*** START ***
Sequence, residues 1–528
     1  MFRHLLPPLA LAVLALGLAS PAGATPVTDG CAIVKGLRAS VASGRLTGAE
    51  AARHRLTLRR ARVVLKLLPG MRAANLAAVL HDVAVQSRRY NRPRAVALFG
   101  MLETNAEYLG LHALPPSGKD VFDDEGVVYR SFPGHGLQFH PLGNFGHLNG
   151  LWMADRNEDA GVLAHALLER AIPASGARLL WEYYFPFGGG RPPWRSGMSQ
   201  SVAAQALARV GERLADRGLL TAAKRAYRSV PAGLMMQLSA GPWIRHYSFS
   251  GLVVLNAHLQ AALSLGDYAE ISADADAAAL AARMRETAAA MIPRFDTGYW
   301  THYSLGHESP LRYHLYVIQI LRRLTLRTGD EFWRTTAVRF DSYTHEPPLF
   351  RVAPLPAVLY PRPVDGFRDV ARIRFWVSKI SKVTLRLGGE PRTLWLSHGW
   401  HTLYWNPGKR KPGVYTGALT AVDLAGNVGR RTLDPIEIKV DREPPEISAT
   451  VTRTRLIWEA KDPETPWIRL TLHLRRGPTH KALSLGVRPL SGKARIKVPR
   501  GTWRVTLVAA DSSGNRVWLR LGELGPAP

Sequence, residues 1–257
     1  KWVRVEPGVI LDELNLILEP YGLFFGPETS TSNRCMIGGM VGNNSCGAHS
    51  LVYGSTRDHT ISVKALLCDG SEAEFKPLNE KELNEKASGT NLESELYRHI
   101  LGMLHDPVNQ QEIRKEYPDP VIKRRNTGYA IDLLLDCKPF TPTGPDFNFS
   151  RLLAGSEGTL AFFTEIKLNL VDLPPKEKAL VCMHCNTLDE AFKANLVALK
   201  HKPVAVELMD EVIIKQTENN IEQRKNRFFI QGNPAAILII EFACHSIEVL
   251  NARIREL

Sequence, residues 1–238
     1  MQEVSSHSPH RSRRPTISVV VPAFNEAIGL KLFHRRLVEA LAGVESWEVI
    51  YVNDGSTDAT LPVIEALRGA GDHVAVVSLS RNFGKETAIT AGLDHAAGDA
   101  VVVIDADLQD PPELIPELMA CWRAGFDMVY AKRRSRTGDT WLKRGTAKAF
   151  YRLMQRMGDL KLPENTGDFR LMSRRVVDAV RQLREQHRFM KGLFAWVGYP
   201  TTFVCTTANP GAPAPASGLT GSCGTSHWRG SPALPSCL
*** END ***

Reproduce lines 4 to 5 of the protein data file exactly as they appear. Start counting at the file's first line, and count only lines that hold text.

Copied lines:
   101  MLETNAEYLG LHALPPSGKD VFDDEGVVYR SFPGHGLQFH PLGNFGHLNG
   151  LWMADRNEDA GVLAHALLER AIPASGARLL WEYYFPFGGG RPPWRSGMSQ